Duke Energy Blames Renewables for Increased Air Pollution in North Carolina
WASHINGTON – At a time when forward-looking utilities are rapidly transitioning to renewable energy, the nation’s largest investor-owned electric utility is pushing an outlandish claim that the growth of solar power will increase air pollution.
Duke Energy, which supplies electricity to 7.7 million Americans, says the increase of solar power in its home state of North Carolina is responsible for a spike in nitrogen oxide pollution from Duke’s natural gas plants. A spokesperson for Duke told the North State Journal, in the state capital of Raleigh, that a surge in carbon dioxide emissions could also occur if the use of solar is allowed to grow as a share of the state’s energy mix.
The increase in emissions, according to Duke, is the result of more frequent “cycling” – scaling down energy production from its enormous natural gas plants during the day to accommodate a surge in solar energy to the power grid, then powering those plants back up at night.
Duke says the increase in pollution occurs when the gas plants are forced to stop and start during the day, temporarily disabling emission controls. Not surprisingly, Duke is seeking “permit modifications” from state regulators to allow its gas-fired facilities to run at full capacity throughout the day.
“I hope everyone who reads Duke’s claims will try to picture a herd of highly paid executives clustered around a conference table fretting themselves sick about the pollution being caused by solar panels and windmills,” said Ken Cook, president of Environmental Working Group.
Cook’s group and other advocacy organizations recently named Duke “Public Energy Enemy No. 1,” citing its puny investments in renewable energy, its schemes to penalize customers who want to go solar and its record of heavy air and water pollution.
“Duke’s outrageous claim that renewable energy somehow increases air pollution and worsens the climate crisis is on its face ridiculous,” said Cook.
Duke’s claim is at odds with a 2013 study from the Department of Energy’s National Renewable Energy Laboratory. The study found that as solar and wind power are added to the grid, emissions of both nitrogen oxide and carbon dioxide decrease. More frequent cycling of fossil fuel plants lowers the amount of emissions reduction achieved by renewables but does not result in increased emissions.
Cook also noted that Duke’s claim doesn’t mention that emissions reductions from solar and wind would be much greater if the natural gas plants were shut down for good, eliminating the need for increased cycling.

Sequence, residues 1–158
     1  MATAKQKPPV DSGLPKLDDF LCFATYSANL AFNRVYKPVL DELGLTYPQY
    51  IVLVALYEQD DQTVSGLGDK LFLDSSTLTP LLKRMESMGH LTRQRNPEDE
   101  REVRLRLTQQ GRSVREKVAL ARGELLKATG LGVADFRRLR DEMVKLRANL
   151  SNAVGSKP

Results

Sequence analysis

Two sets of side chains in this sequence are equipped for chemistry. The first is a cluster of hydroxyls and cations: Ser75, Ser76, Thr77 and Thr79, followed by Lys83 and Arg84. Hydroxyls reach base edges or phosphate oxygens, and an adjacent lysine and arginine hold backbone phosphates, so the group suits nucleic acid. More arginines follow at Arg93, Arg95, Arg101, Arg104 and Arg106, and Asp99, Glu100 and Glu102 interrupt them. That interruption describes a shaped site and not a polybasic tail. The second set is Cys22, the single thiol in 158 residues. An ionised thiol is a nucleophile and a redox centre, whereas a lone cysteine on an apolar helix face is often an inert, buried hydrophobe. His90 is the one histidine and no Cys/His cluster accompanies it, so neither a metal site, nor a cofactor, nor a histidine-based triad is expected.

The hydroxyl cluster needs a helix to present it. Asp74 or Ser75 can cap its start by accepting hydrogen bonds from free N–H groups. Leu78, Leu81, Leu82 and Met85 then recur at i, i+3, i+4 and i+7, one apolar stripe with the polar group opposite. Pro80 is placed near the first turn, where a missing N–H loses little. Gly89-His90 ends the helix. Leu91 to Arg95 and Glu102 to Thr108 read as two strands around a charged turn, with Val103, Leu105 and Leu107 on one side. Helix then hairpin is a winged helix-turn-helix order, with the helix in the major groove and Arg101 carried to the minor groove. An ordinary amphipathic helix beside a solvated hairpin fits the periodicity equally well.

“Duke is bent on keeping its grip on dangerous and dirty sources of fuel while fighting state initiatives to promote solar and wind, because big, centralized, polluting power plants are central to the company’s business model,” said Cook. “This ludicrous attempt to blame air pollution on solar energy is another example of Duke’s history of doing nearly anything to keep its captive customers reliant on fossil fuels, ensuring excessive profits and pollution, while forward-thinking utilities are moving toward cleaner, safer and cheaper renewable sources.”
In the North State Journal article, analysts endorsing Duke’s claims were drawn from think tanks with ties to the utility industry and a track record of skepticism about renewable energy. On Monday, Duke itself walked back its claim, writing in a blog post that although more frequent cycling may mean that emissions increase at some natural gas plants, the power grid ”will continue to see an overall decrease in air emissions from this transition to solar and other cleaner energy resources.”
Duke operates in the Carolinas, Florida, Indiana, Kentucky and Ohio. EWG’s year-long investigation revealed that Duke’s master plan is sharply at odds with America’s urgent need to turn away from outdated energy sources that fuel the climate crisis and threaten public health.
Among Duke’s actions to undermine renewables in favor of fossil fuels and nuclear power:
- Abandoning offshore wind in favor of expanding natural gas.
- Making paltry investments in battery storage for renewables.
- Relentlessly implementing tactics to punish customers for going solar or investing in energy efficiency.
The Environmental Working Group is a nonprofit, non-partisan organization that empowers people to live healthier lives in a healthier environment. Through research, advocacy and unique education tools, EWG drives consumer choice and civic action.